Mac comes with a unique set of sounds effects that you can assign as default system alerts. Some of these sounds are fairly old and will make you feel like you have travelled back in time. However, you can change your system alert to any other sound effects your Mac comes with, or you can add custom sounds yourself–as well as turn them off completely.
How to Change or Disable System Sounds
Sound preferences can can be accessed by opening the System Preferences and clicking on “Sound”.
When you click on a sound effect, you can hear what it sounds like and it will be set as your system alert.
Below the list of sound effects, you can elect to play them through your computer’s internal speakers or some other sound source. You will also be able to change the volume of all sound alerts, turn them off completely (by unchecking “Play user interface sound effects”), and decide whether you want to hear feedback whenever you change the volume on your system.
How to Add Your Own Custom Sound Effects
You can add custom sound effects to your Mac but the method is a bit tricky. Before you begin, you’ll either have to make some custom sound effects, or you can download something already made. First open your ~/Library/Sounds folder. The easiest way to do this is to select the “Go” menu in Finder, hold the “Option” key until “Library” appears. Then click it. From there, open the Sounds folder.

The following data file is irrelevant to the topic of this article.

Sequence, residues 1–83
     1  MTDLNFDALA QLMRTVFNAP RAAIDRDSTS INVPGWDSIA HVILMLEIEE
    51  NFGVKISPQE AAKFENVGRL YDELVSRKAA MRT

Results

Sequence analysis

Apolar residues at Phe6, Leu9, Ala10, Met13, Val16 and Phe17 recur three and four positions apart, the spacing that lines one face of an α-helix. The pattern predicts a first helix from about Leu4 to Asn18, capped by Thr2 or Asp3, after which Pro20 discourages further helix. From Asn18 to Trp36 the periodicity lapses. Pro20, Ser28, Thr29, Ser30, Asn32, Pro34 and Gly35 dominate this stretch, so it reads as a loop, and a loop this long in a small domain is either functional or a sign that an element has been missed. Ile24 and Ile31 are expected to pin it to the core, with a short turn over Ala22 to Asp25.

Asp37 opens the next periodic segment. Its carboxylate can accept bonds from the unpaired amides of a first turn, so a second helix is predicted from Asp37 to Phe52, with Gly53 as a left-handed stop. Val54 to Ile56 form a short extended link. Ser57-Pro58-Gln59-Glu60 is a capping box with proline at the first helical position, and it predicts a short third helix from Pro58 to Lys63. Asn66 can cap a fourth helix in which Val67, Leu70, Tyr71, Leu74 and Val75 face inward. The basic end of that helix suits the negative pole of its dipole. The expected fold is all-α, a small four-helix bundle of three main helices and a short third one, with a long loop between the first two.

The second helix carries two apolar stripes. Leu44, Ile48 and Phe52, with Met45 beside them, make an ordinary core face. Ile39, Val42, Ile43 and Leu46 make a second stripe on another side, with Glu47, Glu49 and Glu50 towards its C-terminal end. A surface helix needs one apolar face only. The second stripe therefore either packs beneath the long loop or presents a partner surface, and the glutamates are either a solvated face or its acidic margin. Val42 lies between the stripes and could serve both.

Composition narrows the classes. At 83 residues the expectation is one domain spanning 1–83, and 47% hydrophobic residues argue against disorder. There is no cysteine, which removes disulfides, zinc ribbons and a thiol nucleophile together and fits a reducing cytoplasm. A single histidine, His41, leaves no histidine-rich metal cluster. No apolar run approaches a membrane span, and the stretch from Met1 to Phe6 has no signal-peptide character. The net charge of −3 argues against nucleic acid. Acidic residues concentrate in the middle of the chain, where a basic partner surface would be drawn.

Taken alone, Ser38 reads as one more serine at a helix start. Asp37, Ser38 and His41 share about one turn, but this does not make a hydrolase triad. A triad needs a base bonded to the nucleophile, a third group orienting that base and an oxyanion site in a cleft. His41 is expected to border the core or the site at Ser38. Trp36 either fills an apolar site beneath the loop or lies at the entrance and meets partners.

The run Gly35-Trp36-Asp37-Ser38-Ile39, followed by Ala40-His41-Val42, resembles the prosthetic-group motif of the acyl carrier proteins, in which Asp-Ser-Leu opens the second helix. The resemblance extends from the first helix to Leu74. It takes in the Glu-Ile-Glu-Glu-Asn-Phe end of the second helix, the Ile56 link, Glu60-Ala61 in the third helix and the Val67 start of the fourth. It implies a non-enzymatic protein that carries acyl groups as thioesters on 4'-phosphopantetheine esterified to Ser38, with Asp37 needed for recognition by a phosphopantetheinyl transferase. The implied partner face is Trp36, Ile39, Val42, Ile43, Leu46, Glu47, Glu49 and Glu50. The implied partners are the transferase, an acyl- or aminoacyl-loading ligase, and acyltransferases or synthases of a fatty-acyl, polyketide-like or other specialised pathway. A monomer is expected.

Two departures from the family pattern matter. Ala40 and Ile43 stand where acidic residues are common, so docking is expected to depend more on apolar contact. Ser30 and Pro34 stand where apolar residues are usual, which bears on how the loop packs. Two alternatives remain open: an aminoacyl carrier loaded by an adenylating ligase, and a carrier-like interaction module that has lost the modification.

To use custom sound effects, they have to be in AIFF format. If they’re not in AIFF, then they’ll need to be converted first. Read the next section to learn how to do that using iTunes, otherwise drag your custom sound AIFF files to the ~/Library/Sounds folder.
Finally, open the Sound preferences once again and select the “Custom” sound effect you want to use as your system alert.
How to Convert Custom Sounds to AIFF
If you have something you want to use as a system sound, it will need to be in .AIFF format. If it isn’t, you can convert it using iTunes.
Open iTunes and then the preferences using the iTunes menu or by pressing Command+, on your keyboard.
Now on the General preferences tab, click “Import Settings”.
In the Import Settings, select “AIFF Encoder” from the “Import Using” dropdown menu, then click “OK” and exit the preferences.
Now, in your media library (assuming you’ve added the MP3s you want to convert to your iTunes library), select the file or files you want to convert to AIFF. Click “File” then “Convert” and finally “Create AIFF Version”.
The conversion process should only take a few seconds at the most.
Right-click on the new sound file in the iTunes library and choose “Show in Finder”.
You can just drag your new sound file to the ~/Library/Sounds folder as described in the previous section, and it will be automatically added as a new custom sound effect. Make sure you go back into the Sound preferences once again and select it as your new system alert sound.
Being able to use different sounds effects for your system alert not only distinguishes your Mac from everyone else’s, it gives you a break from the usual assortment of system alert sounds.